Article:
A Review by Sharon H. Nelson
This review appeared in Matrix, 1991.
Unfinished Dreams: Contemporary Poetry of Acadie
Edited and translated by Fred Cogswell and Jo-Anne Elder
Fredericton: Goose Lane, 1990. pp. 172.
Unfinished Dreams has achieved remarkable success for an anthology of translations; a volume containing the French originals of the translated poems was published in response (Rêves inachevés, Les Éditions d'Acadie, Moncton). Editorial acumen is only part of Cogswell and Elder's success; the poems in Unfinished Dreams sing off the page. The book is worth its price for the beauty of some of its lines. Raoul Boudreau's introduction, "Poetry as Action", and the Translators' Preface frame the poems usefully and gracefully. Paul Édouard Bourque's "Deux oiseaux survolant un paysage" is used to notable effect for the cover. My only quibble with this collection is the disproportionate number (two-thirds) of male voices and poems (74%) by male poets chosen by the translator-editors, who confess they selected the poems that yielded to their own process.
For those unfamiliar with the voices of Acadian poets or the geography of Acadie, Cogswell and Elder provide a wonderful document, the sort of travelogue that inspires readers to make actual journeys to physical locations. Though we are not likely to find Acadie on a map, it exists in these poems which evoke it with a wealth of images, as in Jeannine Landry-Thériault's "Earlier Seasons".
White Easter shoes were brought down from the attic,
yawning, in their cardboard boxes . . . The poplars and
the cherry trees green at last . . . Coupling on the
yellow grass reserved for woolly caterpillars, future
innocent butterflies . . .
Azure sea, August 15 matins; ancestral turquoises;
washed-out colours of a restored flag.
The forcefulness of these poems grows from the blending in imagery of the mythic and the actual. The poets' spiritual journey is made concrete and communicable by homely details that enable the reader to follow the poets into myth-making and spiritual quest. Even when the ship of imagination sails far, as it often does, there is still a strong, umbilical attachment to "the terrestrial harbour of our maritime homeland." (Léonard Forest, "Former Seasons")
wasn't it always the saturday before easter that
the ice broke up in the bay.
wasn't it always at three o'clock on the friday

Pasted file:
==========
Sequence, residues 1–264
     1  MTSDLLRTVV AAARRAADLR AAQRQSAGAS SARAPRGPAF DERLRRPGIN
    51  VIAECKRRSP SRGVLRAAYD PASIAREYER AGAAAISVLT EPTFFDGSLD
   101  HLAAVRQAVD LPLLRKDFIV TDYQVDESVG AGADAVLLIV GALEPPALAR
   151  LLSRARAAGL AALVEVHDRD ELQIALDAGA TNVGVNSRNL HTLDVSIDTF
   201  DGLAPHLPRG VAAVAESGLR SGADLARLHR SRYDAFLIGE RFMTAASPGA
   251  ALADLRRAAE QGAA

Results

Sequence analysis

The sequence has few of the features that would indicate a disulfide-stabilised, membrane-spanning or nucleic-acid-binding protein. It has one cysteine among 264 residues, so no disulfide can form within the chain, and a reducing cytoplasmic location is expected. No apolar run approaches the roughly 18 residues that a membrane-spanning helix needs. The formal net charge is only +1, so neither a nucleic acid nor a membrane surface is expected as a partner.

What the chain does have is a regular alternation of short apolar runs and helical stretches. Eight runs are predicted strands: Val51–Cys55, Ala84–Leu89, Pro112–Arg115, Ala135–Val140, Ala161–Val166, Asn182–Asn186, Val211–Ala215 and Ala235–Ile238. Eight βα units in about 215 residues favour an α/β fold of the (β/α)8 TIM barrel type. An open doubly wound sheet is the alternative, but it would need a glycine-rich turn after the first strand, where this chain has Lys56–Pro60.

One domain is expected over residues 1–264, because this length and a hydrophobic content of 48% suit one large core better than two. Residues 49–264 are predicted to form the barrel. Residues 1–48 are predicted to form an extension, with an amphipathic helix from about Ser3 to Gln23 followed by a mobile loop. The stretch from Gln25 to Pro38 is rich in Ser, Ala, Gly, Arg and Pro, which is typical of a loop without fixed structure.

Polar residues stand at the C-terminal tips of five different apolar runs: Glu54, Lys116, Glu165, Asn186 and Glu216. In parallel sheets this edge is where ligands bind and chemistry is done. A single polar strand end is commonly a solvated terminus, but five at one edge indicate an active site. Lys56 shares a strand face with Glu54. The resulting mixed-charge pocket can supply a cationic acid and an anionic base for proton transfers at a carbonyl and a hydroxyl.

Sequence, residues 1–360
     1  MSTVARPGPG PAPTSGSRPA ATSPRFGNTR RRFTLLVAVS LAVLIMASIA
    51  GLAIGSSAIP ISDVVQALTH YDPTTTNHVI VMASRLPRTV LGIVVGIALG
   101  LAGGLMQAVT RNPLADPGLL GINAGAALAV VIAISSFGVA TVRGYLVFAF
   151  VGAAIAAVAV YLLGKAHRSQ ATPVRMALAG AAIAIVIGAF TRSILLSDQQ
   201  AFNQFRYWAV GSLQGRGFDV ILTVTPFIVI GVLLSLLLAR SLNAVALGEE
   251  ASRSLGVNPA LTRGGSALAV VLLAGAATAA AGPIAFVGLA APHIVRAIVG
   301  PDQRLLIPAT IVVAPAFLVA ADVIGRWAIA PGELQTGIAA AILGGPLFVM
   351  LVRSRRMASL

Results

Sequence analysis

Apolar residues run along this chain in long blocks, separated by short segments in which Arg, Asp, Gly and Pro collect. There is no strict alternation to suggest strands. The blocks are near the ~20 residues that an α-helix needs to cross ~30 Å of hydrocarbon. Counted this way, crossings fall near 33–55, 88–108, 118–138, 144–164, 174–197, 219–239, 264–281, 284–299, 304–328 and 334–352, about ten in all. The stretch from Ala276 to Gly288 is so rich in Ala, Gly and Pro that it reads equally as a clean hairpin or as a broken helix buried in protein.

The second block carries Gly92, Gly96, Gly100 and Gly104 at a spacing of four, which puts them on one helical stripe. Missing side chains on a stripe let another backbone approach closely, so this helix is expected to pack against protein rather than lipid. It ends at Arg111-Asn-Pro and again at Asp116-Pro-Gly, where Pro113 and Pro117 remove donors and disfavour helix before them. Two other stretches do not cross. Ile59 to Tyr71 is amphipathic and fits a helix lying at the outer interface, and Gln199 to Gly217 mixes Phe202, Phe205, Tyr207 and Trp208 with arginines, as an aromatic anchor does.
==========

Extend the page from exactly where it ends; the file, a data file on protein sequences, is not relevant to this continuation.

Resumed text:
of jesus christ
that a soft sadness lit up our feelings
wasn't it always the daylight of that glorious
at the hour of innocent vespers,
that a new vigour sounded the celebration in the
the terrestrial harbour of our maritime homeland.
Or as Huegette Légaré puts it in "Beside the Hotel", "We shall always hear love with some difficulty because/the ears of the wind are full of salt".
Regionalism as a critical perspective often obscures - or conflates - more than it illuminates. In the poems of Acadie we get a sense of what regionalism might mean. (Boudreau warns us that however regional the poetry of Acadie, "it is no longer regionalist.") We are shown not only an emotional attachment to the physical objects in a landscape but images and metaphors that arise from it, as in Herménégilde Chiasson's "Red".
Acadie, my too beautiful desecrated love, you whom I
will never take into white sheets, the sheets that you
have torn to make white flags like the fields of snow
that you have sold like your old fence posts, your old
barns, your old legends, your old dreams, white as an
old wedding dress in an old cedar chest. . . .
Chiasson's poem, like a number in this collection, rises in waves through economics and politics ("who speaks on credit to say things one must pay in cash"), and religion ("church steeples that are stretched too thin, filled with/saints up to a heaven that is too far away") and returns to a grounding in imagery that combines political aspirations with, in Boudreau's words, "the simultaneous creation of an image and its linguistic expression."